Cinema: Wizard of Oz

Monday, Aug. 21, 1939
Cinema: The New Pictures

Wizard of OzThe Wizard of Oz (M. G. M.) should settle an old Hollywood controversy: whether fantasy can be presented on the screen as successfully with human actors as with cartoons. It can. As long as The Wizard of Oz sticks to whimsey and magic, it floats in the same rare atmosphere of enchantment that distinguished Walt Disney’s Snow White and the Seven Dwarfs. When it descends to earth it collapses like a scarecrow in a cloudburst.

Producer Mervyn Le Roy‘s 1939 version of this childhood classic follows with reasonable accuracy L. Frank Baum‘s original story (first published in 1900) that sold over a million copies, his stage adaptation that ran 18 months on Broadway with Fred Stone. 1 Dorothy (Judy Garland) gets blown away in a twister from her home in Kansas, finds herself in the Technicolor land of Oz. Homesick, she goes in search of the Wizard of Oz to ask him how to get back to Kansas. Along the way she meets a Straw Man (Ray Bolger), a Tin Woodman (Jack Haley), a Cowardly Lion (Bert Lahr). They too want to see the Wizard. The Straw Man seeks a brain, the Woodman a heart, the Cowardly Lion, courage.

Secret of the Wizard of Oz is that there is no such person: there is only Professor Marvel (Frank Morgan), a kindly, bungling old carnival seer. But the resourceful Professor has a bit of homely chicanery for each of his applicants, gives them all what they desire. No children’s tale is Hollywood’s Wizard of Oz. Lavish in sets, adult in humor, it is a Broadway spectacle translated into make-believe. Most of its entertainment comes from the polished work (aided by Jack Dawn‘s expert makeup) of seasoned Troupers Lahr, Bolger and Haley.

Metro put $3,000,000 into The Wizard of Oz, left out only the kitchen stove. Its tornado rivals Sam Goldwyn‘s The Hurricane. Its final sequence is as sentimental as Little Women. Its Singer Midgets, most publicized of all the picture’s cast, go through their paces with the bored, sophisticated air of slightly evil children.

The Old MaidThe Old Maid (Warner Bros.) is a drama of anonymous mother love, circa 1861-80, outwardly as dated and dusty as a daguerreotype. To bring Edith Wharton‘s old-fashioned story to life on Broadway four years ago required the highly finished services of Actresses Judith Anderson and Helen Menken, oldtime Playwright Zoë Akins. To make it live on the screen, Warner Bros, teamed their pop-eyed Bernhardt, Bette Davis, with an equally fiery filly from off the home lot, honey-haired Miriam Hopkins. The result flounces its skirts a little more boldly than the stage show but, like it, is hardly more than the sum total of two good, sometimes brilliant, performances.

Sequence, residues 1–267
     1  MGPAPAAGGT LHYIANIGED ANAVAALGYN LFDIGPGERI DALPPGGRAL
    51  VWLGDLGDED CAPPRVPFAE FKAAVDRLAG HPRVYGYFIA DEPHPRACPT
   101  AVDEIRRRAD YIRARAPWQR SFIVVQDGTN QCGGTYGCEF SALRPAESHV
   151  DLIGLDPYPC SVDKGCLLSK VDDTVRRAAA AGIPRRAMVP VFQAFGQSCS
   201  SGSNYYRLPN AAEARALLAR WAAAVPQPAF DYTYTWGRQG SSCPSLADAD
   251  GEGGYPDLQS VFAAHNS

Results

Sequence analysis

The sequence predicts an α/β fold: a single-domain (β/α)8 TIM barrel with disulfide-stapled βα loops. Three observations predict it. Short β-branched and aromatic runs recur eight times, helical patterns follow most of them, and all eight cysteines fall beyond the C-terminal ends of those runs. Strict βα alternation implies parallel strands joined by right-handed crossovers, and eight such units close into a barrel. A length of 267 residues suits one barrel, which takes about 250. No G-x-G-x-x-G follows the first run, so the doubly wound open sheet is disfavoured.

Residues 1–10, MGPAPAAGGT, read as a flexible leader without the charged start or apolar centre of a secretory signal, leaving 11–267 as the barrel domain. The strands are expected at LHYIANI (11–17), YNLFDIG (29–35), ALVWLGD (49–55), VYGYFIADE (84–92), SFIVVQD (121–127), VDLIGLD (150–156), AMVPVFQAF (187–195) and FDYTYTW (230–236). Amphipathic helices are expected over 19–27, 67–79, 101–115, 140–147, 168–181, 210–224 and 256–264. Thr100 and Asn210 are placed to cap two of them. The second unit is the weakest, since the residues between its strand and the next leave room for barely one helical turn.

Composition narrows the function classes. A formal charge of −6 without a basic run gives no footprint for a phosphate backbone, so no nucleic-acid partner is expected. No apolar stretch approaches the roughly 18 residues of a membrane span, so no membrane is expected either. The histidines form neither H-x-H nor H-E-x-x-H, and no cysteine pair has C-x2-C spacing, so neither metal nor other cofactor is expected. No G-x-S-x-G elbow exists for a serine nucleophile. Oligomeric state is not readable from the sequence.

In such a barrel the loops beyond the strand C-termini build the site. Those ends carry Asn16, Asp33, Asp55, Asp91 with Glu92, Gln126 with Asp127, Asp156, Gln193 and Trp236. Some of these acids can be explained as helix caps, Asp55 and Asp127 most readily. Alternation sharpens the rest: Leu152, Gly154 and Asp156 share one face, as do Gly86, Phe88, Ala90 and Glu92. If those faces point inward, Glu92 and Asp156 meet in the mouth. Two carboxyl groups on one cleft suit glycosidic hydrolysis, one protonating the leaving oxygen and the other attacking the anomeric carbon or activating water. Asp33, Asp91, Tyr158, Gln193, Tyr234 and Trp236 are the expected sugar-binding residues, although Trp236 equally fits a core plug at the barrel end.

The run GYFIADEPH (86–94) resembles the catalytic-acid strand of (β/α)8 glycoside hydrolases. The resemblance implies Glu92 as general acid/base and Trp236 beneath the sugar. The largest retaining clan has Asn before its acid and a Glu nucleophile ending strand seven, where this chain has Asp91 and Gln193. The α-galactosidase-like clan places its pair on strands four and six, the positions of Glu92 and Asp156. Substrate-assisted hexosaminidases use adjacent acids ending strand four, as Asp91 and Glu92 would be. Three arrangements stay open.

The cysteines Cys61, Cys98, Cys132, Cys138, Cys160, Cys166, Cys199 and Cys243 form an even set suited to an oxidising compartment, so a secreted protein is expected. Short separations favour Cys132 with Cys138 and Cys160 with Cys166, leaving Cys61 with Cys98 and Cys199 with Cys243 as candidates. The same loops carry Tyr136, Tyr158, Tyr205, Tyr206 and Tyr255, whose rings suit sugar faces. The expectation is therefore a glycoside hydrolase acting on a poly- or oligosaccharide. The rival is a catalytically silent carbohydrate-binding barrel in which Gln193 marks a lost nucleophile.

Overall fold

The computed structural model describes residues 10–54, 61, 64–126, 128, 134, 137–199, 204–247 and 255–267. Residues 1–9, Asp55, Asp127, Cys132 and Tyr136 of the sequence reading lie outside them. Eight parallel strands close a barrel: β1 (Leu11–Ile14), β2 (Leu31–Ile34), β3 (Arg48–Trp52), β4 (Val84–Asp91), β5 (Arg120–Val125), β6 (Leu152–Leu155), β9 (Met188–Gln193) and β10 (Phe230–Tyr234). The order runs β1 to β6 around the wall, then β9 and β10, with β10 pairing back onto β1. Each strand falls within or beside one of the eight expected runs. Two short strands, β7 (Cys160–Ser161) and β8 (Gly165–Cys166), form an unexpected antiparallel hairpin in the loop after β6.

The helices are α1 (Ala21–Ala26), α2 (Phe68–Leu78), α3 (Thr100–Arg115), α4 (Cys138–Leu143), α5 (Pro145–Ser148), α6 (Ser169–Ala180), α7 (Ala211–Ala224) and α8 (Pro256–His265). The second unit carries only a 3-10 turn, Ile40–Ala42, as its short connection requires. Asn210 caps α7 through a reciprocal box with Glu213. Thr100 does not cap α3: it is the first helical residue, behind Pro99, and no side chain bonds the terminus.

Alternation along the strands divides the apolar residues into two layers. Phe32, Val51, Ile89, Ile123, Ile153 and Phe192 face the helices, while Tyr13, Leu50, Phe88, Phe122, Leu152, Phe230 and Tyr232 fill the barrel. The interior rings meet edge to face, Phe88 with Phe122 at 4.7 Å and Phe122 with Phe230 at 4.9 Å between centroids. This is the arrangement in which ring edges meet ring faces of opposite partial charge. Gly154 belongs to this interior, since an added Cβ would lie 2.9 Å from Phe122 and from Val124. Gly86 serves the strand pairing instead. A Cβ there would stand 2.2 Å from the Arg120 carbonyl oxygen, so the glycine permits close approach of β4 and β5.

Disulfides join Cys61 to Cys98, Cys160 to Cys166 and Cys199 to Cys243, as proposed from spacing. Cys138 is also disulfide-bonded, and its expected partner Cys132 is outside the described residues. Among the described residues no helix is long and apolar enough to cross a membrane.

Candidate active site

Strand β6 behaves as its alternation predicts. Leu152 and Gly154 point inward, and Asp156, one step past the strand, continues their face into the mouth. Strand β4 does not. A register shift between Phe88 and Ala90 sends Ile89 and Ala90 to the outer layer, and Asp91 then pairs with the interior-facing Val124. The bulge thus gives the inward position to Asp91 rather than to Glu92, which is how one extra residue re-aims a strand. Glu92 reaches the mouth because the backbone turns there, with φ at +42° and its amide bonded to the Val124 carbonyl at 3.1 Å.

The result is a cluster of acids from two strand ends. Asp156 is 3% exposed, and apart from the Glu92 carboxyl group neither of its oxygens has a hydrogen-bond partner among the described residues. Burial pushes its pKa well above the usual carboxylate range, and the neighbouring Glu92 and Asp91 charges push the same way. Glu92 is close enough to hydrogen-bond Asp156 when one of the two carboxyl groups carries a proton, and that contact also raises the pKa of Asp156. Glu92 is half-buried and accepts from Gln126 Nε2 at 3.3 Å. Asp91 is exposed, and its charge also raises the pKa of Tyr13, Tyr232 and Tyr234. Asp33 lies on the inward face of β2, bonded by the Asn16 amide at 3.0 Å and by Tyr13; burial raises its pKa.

When Delia Lovell (Miriam Hopkins) tires of waiting for dashing Clem Spender (George Brent) and goes to the altar with a member of the stuffy but dependable Ralston family, she sends Cousin Charlotte (Bette Davis) to break the news to Clem. Delia, who does not suspect that Charlotte also loves Clem, is enraged to discover it, vindictively prevents Charlotte and Clem’s baby from seeking refuge in the Ralston clan after Clem is killed in the Civil War. Instead Delia takes in Charlotte and her baby herself, lavishes affection on Clem’s child, while Charlotte grows through the years into an embittered, bombazined old maid. Because Delia can do everything, Charlotte nothing, for her, Daughter Tina’s unconscious cruelty to her real mother makes the old maid’s refuge a house of hate so terrible that Delia, not a bad sort under her selfishness, finally tries to tear it down.

Though the musty setting of The Old Maid is enough to make anyone susceptible to historical hay fever squirm, few will be unimpressed by the skill with which Director Edmund Goulding manages his spirited costars. Instead of trying to divide the fat bits between them, he so deals out their histrionic diet that they banquet as did Jack Sprat and his wife, cooperatively.

When Tomorrow ComesWhen Tomorrow Comes (Universal) is like a salty story washed out before the end. Its first sequences show Helen Smith (Irene Dunne) helping to organize a strike among her fellow waitresses at Karb’s Restaurant, making a stump speech on the sisterhood of the working class. But “Solidarity Forever” has scarcely died on Helen’s lips and she has yet to join the picket line when she meets a French concert pianist named Philip André Pierre Chegal (Charles Boyer). Next thing she and the audience know, they have been whisked off for a hurricane-tossed Long Island weekend, bogged in a set of problems which cinemaddicts will not find notable for novelty.

Hollywood ribbers had great fun with the title When Tomorrow Comes. Produced and directed by deliberate oldtimer John M. Stahl (Back Street, Imitation of Life), whose method is to take scenes over and over until they suit him, the picture made so much trouble that thin Producer Stahl lost 19 lbs. The circumstance that his picture (which daringly speaks the dread initials C. I. 0. and A. F. of L.) came pat on the cinema industry’s own realistic labor crisis last week was not calculated to make him gain it back.

TIME magazine - August 20, 1939
Time – August 21, 1939

Notes:

  1. There was a silent Wizard of Oz produced by Chadwick Pictures in 1925.[Footnote by Time magazine – Editor]
 

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